The unstated lesson to be learned is that a physician should be very careful to avoid even the appearance of witness interference, intimidation, or obstruction of justice when dealing with his own anger at being sued. The WSJ’s assessment of Medical Justice, Inc. was right on, in identifying its stridency and rage, the result of which was a clear violation of the NJ law cited above, prohibiting retaliation against expert witnesses in medical malpractice litigation. I would suspect that Medical Justice will have to pay for the defendant MD’s defense (and fine, if the motion is upheld) since it was their own ignorance of NJ law – compounded by blind “rage” – that produced the threatening letter getting their physician client in even more trouble.

  6. Anonymous Says:

    Many times it is not the dr. fault but the personnel working around him or the x-ray tech who is unable to read an x-ray correctly or the machinery is old. Many times the dr. is dependent upon others. They should not be. Also with hmo’s many people are required to go to MD’s they really don’t want to go to because of this network business. But there is also many who are in the business for the money and are really not good dr.’s. A doctor helps deliver us into this world, helps us cope throughout our life and then usually escorts us out. Can we do w/o a doctor throughout our lives? I don’t know. What I do know is that a doctor can harm someone forever so everyone has to handle things with the utmost care.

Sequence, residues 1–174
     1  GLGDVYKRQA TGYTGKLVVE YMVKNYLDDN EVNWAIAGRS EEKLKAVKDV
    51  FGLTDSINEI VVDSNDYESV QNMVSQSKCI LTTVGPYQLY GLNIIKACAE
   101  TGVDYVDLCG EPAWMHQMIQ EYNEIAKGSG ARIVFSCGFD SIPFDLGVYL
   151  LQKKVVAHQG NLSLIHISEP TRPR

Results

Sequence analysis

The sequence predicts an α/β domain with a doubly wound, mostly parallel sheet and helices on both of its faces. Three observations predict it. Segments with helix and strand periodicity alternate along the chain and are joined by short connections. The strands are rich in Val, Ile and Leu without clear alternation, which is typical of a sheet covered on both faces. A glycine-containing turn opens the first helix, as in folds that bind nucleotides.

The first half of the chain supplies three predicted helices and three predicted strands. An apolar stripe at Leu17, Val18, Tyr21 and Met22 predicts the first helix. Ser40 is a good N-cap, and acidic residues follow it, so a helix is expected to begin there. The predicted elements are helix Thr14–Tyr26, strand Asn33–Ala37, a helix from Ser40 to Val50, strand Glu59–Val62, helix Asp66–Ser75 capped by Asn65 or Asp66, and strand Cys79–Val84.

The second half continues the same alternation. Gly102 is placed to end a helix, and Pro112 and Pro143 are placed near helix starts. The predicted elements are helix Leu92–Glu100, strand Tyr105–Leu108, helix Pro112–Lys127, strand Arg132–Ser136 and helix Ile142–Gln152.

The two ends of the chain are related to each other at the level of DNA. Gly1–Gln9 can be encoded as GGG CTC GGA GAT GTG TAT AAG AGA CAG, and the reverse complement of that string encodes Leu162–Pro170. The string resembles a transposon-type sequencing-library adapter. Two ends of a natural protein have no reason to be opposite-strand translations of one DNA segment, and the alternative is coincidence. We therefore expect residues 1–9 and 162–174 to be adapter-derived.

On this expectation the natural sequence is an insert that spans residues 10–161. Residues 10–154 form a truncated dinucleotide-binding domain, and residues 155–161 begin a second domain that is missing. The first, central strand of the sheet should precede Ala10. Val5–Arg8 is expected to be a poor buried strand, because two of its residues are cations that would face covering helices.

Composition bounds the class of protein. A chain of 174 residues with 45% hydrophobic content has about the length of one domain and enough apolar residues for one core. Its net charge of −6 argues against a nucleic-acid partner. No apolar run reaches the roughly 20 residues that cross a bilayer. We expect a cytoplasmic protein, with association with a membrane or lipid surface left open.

7. acai order Says:

    Great post. Insightful and entertaining as always! Keep up the good work


  8. I would prefer this to be an industry standard. As a private detective in maryland, I am usually involved in cases once a malpractice suit is underway…

  9. dave Says:

    If doctors dont want people to sue them-then give them no reason to do so. There are 15 million incidents of medical harm every year. Doctors refuse to get education in pain care- and pain is the major reason why people seek medical attention. Often doctors do painful procedures without analgesia- so lets face the facts- doctors thru their carelessnes toward painare asking for patients to either sue them or get revenge


Leave a Reply

Fill in your details below or click an icon to log in:

WordPress.com Logo

You are commenting using your WordPress.com account. Log Out / Change )

Twitter picture

You are commenting using your Twitter account. Log Out / Change )

Facebook photo

You are commenting using your Facebook account. Log Out / Change )

Google+ photo

You are commenting using your Google+ account. Log Out / Change )

Connecting to %s

Follow

Get every new post delivered to your Inbox.

%d bloggers like this: